Free-to-play (freemium) and apps using in-app purchases may be taking the App Store by storm. But there are many reasons you may want to consider a paid app, especially because being paid and having in-app purchases are most definitely not mutually exclusive.

As such, you should be aware of some of the warning signs. According to 2010 research by Flurry/Pinch Media (and from just reading forum threads by developers such as on, the App Store is extremely top-heavy with regard to number of downloads of paid apps and the revenue generated. For example, this study revealed that the number of downloads in the top 10 percent of popular apps was roughly eight times that of the number of downloads in the top 20 percent. By the time you got to the 50th percentile (average app popularity), you were looking at 70 times less downloads than those in the top 10 percent, and 2.5 times less than those in the top 20 percent.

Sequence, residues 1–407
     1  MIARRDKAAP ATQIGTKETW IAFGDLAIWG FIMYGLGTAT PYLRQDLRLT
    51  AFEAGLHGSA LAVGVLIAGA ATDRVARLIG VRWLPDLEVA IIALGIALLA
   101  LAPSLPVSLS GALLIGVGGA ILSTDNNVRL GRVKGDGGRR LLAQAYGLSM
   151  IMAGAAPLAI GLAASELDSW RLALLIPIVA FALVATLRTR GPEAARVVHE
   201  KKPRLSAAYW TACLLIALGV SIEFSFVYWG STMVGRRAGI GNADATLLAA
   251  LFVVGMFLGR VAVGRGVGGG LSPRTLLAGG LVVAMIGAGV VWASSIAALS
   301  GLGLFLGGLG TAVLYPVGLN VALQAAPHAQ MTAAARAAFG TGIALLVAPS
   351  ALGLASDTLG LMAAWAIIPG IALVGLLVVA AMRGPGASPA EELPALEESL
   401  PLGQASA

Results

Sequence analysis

What does this mean for developers? Unless you aim for at least the top 20 percent of popular paid apps (not including in-app purchases), or you have other methods to filter users to your app (such as other apps on this or other platforms), your chances of sustained revenue are significantly reduced. The good news is that this study and others like it do not take into account in-app purchases, downloads of associated lite versions, or their conversion rates.

Essentially, there are a number of ways to mitigate low sales ...

Get The Art of the App Store: The Business of Apple Development now with O’Reilly online learning.

O’Reilly members experience live online training, plus books, videos, and digital content from 200+ publishers.